Current practice in the industry is to place trench boxes inside an excavation site. The trench boxes generally are open at the bottom so that excavation can continue while the boxes are in place and open at the top for easy access by men and machinery and easy removal of excavated materials. The primary structure of a trench box is comprised of opposing side panels that perform a shoring or shielding function by holding the sidewalls of the excavation in place, preventing the sidewalls from collapsing into the trench or hole in the ground created by excavating. Additionally, trench boxes usually have a plurality of bars or beams that transverse the lateral width of the trench box, attaching to opposing trench box panels and reinforcing or supporting the opposing panels, thus providing further protection from sidewall collapse. These support bars are also known as spreader bars as they assist in keeping the panels sufficiently spread apart from each other.

It is often desirable that the width between the opposing panels be changed and/or the angle of opposing planar panel surfaces of the trench box be increased or decreased (from parallel), which can be unsafe and time-consuming, especially when the trench box already is in place within the excavation. In particular, fine adjustments often are desired. More specifically, there is a need to be able to adjust the space and/or angle between the opposing panels of the trench box, particularly when the trench box is being driven into or pulled from the excavation.

Spreader bars currently in use are adjustable in length only in limited ways, such as by use of spreader bars or components thereof that have different fixed lengths, by manipulating angled components of predetermined lengths so as to create an outward extension of the support device, or by use of a hydraulic motor to extend the spreader bar when needed.

For example, U.S. Pat. No. 2,956,409 to Wicke (hereinafter the “'409 patent”) describes an adjustable bracing apparatus for shoring walls where the width of the device is adjusted either by having different, wider lengths of rigid brace or support members between the vertical side panels, or by extending connecting rods outwardly causing internal shafts to slide to accommodate a corresponding extension of said shafts.

Also, U.S. Pat. No. 3,362,168 to Dotlich (hereinafter the “'168 patent”) shows an apparatus for supporting the vertical walls of a trench that includes a hydraulic motor mechanism that maintains the side panels of the apparatus in shoring engagement with the vertical walls being adaptable to trench excavations of different lengths through use of pipe extensions of different lengths.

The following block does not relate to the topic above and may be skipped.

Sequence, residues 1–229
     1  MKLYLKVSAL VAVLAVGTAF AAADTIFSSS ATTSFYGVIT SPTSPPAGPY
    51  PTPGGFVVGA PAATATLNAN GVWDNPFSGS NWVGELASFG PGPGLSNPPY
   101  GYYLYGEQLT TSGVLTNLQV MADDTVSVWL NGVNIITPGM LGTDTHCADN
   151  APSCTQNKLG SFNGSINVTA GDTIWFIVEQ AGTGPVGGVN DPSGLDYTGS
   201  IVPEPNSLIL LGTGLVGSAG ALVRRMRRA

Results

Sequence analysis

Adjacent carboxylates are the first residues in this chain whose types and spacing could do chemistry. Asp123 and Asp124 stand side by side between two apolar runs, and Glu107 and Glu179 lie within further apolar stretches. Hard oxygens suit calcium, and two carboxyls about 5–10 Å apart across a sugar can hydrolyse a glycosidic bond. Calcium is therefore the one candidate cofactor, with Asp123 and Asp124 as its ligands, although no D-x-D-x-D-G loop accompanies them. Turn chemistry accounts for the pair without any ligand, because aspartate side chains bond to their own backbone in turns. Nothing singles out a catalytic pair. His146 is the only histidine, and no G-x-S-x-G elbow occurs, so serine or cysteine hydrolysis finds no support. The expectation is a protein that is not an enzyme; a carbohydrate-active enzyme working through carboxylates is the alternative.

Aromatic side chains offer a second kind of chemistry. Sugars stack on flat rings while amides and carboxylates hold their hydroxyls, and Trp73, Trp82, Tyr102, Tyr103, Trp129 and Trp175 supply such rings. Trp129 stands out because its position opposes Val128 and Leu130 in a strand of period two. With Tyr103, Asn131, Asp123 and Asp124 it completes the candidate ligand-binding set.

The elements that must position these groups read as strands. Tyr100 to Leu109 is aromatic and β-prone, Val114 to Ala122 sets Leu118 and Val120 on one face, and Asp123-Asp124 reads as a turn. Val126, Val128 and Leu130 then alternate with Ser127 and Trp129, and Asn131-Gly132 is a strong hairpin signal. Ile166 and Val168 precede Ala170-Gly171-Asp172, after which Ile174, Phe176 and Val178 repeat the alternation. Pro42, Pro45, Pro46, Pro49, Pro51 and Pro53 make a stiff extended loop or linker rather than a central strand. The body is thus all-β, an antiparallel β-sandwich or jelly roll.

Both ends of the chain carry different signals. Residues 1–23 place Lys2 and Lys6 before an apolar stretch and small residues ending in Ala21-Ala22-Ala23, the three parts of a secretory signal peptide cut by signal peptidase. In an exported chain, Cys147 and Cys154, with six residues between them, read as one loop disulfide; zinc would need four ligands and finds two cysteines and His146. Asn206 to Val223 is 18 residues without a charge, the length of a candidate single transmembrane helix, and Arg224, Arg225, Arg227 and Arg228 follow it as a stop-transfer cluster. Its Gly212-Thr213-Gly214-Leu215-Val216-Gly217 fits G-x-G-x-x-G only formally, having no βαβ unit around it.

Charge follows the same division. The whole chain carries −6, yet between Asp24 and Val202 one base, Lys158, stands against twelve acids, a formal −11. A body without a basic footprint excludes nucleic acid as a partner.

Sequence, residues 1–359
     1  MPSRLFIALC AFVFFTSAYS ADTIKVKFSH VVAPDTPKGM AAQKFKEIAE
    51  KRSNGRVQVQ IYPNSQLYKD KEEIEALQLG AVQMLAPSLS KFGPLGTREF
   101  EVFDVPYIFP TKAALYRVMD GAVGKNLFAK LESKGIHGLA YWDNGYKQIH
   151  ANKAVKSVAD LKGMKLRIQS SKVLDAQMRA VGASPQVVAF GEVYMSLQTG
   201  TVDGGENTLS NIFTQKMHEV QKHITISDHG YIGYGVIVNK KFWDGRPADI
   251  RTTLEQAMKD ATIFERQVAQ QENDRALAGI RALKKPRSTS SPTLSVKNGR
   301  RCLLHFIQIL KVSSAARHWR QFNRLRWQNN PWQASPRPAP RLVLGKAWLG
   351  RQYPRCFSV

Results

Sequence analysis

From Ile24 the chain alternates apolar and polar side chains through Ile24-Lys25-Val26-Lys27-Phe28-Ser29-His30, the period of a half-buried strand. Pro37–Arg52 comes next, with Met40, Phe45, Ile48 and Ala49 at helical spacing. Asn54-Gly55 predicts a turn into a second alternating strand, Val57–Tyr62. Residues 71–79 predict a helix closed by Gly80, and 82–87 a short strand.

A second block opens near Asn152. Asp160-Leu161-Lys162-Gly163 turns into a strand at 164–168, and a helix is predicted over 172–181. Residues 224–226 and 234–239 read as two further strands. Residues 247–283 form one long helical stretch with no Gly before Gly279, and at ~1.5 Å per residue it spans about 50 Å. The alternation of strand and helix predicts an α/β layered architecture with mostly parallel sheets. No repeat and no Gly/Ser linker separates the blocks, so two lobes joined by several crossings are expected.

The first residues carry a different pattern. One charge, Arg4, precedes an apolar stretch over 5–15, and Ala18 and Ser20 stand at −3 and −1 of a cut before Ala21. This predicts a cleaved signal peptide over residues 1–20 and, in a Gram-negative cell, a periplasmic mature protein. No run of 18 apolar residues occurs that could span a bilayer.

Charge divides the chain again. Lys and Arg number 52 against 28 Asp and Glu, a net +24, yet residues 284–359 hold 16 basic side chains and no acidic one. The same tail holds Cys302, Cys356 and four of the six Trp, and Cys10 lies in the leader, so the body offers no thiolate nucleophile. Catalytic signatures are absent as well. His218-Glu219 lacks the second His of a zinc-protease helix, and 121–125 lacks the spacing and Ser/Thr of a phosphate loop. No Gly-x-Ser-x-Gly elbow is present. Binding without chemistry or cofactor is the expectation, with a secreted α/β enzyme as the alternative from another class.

Notably, the '409 and '168 patents are limited in that neither can be used to push apart and pull together the opposing panels while in use as easily and precisely as the instant invention.

SUMMARY OF THE INVENTION

The object of the present invention is to provide adjustable internal support bars or spreader bars to hold apart opposing panels of a trench box used in excavation to prevent the sidewalls of the excavation from collapsing inwardly. More specifically, this invention satisfies the need for a shielding and shoring device that is safe, durable, and easy to use, assemble, move, and disassemble, and that can be adjusted to manipulate the distance and/or the planar angle between opposing panels of the trench box, even when the trench box is in place inside the excavation.

There are several advantages of the instant invention over the prior devices. For example, because of the use of a screw, the spreader bar can easily be retracted thus reducing the width of the space between panels of the trench box, and/or extended, increasing the width, as determined by the operator and as warranted under the circumstances. The present invention also facilitates fine adjustments by allowing the operator to extend or retract the spreader as little or, in conjunction with an incrementally adjustable spreader, by as much as necessary.

To accomplish these objectives, the present invention is directed to a new, infinitely adjustable spreader bar having male and female telescoping pipes, both with openings to receive a locking pin and threaded portion that allow the male telescoping pipe to extend or retract by mechanical engagement of a screw apparatus.

BRIEF DESCRIPTION OF THE DRAWINGS

Further features, objectives and advantages of the present invention will become clearer when referring to the following detailed description of the preferred embodiments made with reference to the accompanying drawings in which:

FIG. 1 is a perspective view of a trench box or shoring device which has both an incrementally finite adjustable spreader bar found in the prior art and an infinitely adjustable spreader bar of the instant invention for finer adjustment;

FIG. 2 is the perspective view of the preferred embodiment of the unique infinitely adjustable spreader bar of the instant invention;

FIG. 3 is an exploded view of the infinitely adjustable spreader bar shown in FIG. 2;